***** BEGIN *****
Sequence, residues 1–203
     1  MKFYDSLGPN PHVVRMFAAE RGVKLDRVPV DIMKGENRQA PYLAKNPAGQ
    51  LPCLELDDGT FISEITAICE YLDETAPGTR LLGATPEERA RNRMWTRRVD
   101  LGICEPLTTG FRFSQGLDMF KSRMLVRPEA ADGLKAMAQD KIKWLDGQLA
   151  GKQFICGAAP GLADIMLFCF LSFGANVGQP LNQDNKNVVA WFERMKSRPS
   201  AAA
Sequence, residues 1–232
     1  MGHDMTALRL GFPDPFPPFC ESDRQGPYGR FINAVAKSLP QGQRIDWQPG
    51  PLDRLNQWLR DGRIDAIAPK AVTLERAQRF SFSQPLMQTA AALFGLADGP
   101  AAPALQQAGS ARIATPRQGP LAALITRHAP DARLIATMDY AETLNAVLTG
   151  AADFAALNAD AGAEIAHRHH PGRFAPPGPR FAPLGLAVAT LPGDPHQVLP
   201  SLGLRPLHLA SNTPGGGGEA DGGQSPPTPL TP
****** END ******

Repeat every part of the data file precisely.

Sequence, residues 1–203
     1  MKFYDSLGPN PHVVRMFAAE RGVKLDRVPV DIMKGENRQA PYLAKNPAGQ
    51  LPCLELDDGT FISEITAICE YLDETAPGTR LLGATPEERA RNRMWTRRVD
   101  LGICEPLTTG FRFSQGLDMF KSRMLVRPEA ADGLKAMAQD KIKWLDGQLA
   151  GKQFICGAAP GLADIMLFCF LSFGANVGQP LNQDNKNVVA WFERMKSRPS
   201  AAA
Sequence, residues 1–232
     1  MGHDMTALRL GFPDPFPPFC ESDRQGPYGR FINAVAKSLP QGQRIDWQPG
    51  PLDRLNQWLR DGRIDAIAPK AVTLERAQRF SFSQPLMQTA AALFGLADGP
   101  AAPALQQAGS ARIATPRQGP LAALITRHAP DARLIATMDY AETLNAVLTG
   151  AADFAALNAD AGAEIAHRHH PGRFAPPGPR FAPLGLAVAT LPGDPHQVLP
   201  SLGLRPLHLA SNTPGGGGEA DGGQSPPTPL TP